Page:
IBM bars Siri from staff iPhones, citing security concerns
Siri, the voice-activated assistant in Apple Inc.'s iPhone 4S, is persona non grata at International Business Machines (IBM), which banished it from staff iPhones over security concerns, a tech site reported.
PC World said IBM claims it is concerned that Siri, which relies on Apple's servers to run, may inadvertently leak confidential information. The company has thus decided to disable the cloud-driven personal assistant on staff iPhones.
"The Siri ban is just one of a number of strict security measures implemented by IBM on devices bought into the company by employees," it said.
It cited a report on enthusiast site Cult of Mac saying IBM used the mobile device management (MDM) framework built into iOS to disable Siri on staff iPhone 4S units.
PC World noted Siri works by recording the user's voice and sending it to an Apple server that interprets the voice command and returns plain text.
Siri also improves its translations this way, as it uses crowd-sources dialects, learning from other people who are using the service.
But PC World said it may be far-fetched to suspect Apple could be collecting information about IBM secrets, although there is a possibility of a security breach.
PC World noted IBM is an advocate of BYOD (bring your own device), where companies allow staff to use their own Macs, PCs, phones, and tablets at work.
It cited research showing BYOD has already been embraced by 69 percent of firms in the United Kingdom.
Fearful of the cloud
Cult of Mac said IBM’s fear stems from Siri's cloud-based and crowd-sourced nature.
Aside from sending voice data to Apple for speech recognition and interpretation, Siri also requires access to personal information on an iPhone 4S like contacts and the relationships between an iPhone 4S user and his or her contacts, and even location data.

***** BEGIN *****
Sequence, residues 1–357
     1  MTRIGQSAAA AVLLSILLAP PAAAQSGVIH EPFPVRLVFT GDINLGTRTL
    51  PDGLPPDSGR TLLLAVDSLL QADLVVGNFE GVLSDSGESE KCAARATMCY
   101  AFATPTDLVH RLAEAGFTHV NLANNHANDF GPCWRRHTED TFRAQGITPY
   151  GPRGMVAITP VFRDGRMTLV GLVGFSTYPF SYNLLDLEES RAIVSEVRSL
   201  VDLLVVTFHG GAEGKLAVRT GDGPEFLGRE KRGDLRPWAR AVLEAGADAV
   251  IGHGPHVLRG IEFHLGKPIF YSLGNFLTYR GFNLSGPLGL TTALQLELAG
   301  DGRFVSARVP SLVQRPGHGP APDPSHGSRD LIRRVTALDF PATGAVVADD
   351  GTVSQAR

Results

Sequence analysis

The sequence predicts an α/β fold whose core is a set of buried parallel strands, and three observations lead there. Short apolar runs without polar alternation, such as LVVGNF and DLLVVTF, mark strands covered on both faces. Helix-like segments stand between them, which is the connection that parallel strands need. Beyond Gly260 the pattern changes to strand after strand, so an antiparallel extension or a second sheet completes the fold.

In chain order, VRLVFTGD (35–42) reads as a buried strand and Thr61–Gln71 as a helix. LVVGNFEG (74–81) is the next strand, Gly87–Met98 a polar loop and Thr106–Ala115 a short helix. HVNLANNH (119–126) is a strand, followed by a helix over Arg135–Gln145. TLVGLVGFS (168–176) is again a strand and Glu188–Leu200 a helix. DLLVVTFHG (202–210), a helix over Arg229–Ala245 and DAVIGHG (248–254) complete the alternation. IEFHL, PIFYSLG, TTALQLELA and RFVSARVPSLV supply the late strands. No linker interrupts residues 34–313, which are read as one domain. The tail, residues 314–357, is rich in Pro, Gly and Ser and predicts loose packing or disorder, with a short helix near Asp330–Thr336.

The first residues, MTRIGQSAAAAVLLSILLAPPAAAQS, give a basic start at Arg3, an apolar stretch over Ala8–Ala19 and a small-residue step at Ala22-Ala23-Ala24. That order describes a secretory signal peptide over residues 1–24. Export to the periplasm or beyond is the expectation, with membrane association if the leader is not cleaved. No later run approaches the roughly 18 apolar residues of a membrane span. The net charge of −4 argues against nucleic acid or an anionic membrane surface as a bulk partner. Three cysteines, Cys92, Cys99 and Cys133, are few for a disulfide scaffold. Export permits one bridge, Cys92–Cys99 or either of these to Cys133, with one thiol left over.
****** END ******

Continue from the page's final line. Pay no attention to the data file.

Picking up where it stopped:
"That means that it’s quite possible that an IBM employee using an iPhone 4S might speak sensitive information while using Siri – composing an email or message to coworkers, adding or rearranging meetings and events, setting reminders, and using location services to find specific businesses and get directions are all common tasks that could reference or contain sensitive information," it said.
It added that if Siri is set to activate by raising the phone to one's face, "it can unintentionally activate, record a snippet of conversation, and try to interpret it."
Concern over dictation
Concern over dictation
A bigger concern is Siri-related dictation, which can be used in most apps that support text input, Cult of Mac said.
"The chances of sensitive information being gleaned by asking Siri to move a meeting, send a text, or add a reminder are pretty small. Someone dictating text into a productivity app like Pages or Quickoffice or even into an internal line of business app is much more likely to mention some sensitive information," it said.
"Beyond data reaching Apple’s servers, the question is one of data retention. Apple’s terms do indicate that the company may retain some Siri queries as a crowd-sourcing mechanism but will anonymize them if it does," it added. — TJD, GMA News